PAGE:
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The golden age of vinyl records and all things retro are the highlights of my Newsletter. Writing stories about my vinyl record memories with content from my collection is my way of sharing memories and keeping the oldies alive.
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Issue #107 - January, 2022.
Each month I give a little shout-out to my favorite radio program, Ned Ward's Country Doo-Wop show. My friend, Ned, airs his show from out Oregon way and if you tune in you just might hear Ned talk a little about Vinyl Record Memories. Listen in Monday thru Saturday from 1pm to 3pm, all times Pacific, on KNCP Newberry Mix 107.3 FM.
Let's get started...
Our Country Doo-Wop Spotlight Song for this month highlights two fifties-sixties icons who died this month within one day of each other. My friend, Ned Ward, plays both records on his daily show so we wanted to give special attention to each song in memory of Ronnie Spector of "Be My Baby" fame, and Fred Parris, the author and lead singer on the classic doo wop great, "In The Still of The Night."
Ronnie Spector, the cat-eyed, bee-hived rock ‘n’ roll siren who sang such 1960s hits as “Be My Baby,” “Baby I Love You” and “Walking in the Rain” as the leader of the girl group the Ronettes, has died.
The lead singer of the 1963 smash, “Be My Baby,” was born Veronica Bennett in New York City on August 10, 1943. In her teens, she formed the Ronettes with her older sister, Estelle, and her cousin, Nedra Talley. Phil Spector signed them to his own label in 1963 and they soon released several hits including their biggest hit, “Be My Baby.”
The Ronettes’ sexy look and powerful voices — plus songwriting and producing help from Phil Spector — turned them into one of the premier acts of the girl-group era. They began singing and dancing in clubs as Ronnie and the Relatives, becoming noteworthy for their liberal use of eyeliner and mascara. "The louder they applauded, the more mascara we put on the next time," she wrote in her memoir.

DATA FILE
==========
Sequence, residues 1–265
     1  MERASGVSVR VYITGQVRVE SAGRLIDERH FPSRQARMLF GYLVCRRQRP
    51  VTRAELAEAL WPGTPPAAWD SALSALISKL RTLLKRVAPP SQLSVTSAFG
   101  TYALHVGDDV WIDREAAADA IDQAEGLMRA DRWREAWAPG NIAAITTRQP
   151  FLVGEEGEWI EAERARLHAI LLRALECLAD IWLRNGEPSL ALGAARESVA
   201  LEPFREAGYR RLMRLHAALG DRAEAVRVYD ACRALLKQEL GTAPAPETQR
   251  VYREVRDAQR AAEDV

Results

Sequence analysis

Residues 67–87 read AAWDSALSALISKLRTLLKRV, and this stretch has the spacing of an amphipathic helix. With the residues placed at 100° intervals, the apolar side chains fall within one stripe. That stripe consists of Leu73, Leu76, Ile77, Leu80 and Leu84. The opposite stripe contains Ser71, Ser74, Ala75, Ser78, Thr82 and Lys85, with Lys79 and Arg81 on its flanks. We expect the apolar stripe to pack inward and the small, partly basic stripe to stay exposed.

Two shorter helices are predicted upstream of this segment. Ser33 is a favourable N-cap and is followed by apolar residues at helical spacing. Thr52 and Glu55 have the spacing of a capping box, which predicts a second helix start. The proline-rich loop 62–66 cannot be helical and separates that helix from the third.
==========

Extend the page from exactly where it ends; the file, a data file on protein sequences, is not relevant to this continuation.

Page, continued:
“Nothing excites me more than just being onstage, having fun and flirting and winking to the guys and stuff like that,” she told People magazine in 2017. “I just have so much fun. It’s just the best feeling when I go out and they say, “Ladies and gentlemen…” —my heart stops for a minute—"…Ronnie Spector and the Ronettes! "Then I just go out there and the crowd reacts the way they react and I can go on singing forever." Nearly 60 years later this is the song that started it all for Ronnie Spector and the Ronnettes. Ronnie Spector died on January 12, 2022, at age 78.
Our friend, Tom Sokira, producer and audio engineer on the 1956 classic, "In The Still of The Night," contacted me with the sad news that Connecticut doo-wop legend Fred Parris has died.
Fred Parris formed The Five Satins in 1954 in New Haven, Connecticut and soon recorded what would become the group’s signature song, “In The Still of the Night,” with members Al Denby, Ed Martin, Jim Freeman and Nat Mosley.
Original Ember Records #1005. The doo-wop classic sold over a million records and defined the doo-wop genre. It’s had staying power — the only song to chart on Billboard's Hot 100 three separate times (1956, 1960, 1961), by the same artist with the same version each time.
Fred Parris, the founder and longtime leader of the ’50s vocal group, and writer of their most memorable song, died on January 13, 2022. Fred Parris was 85. Read the Five Satins story here...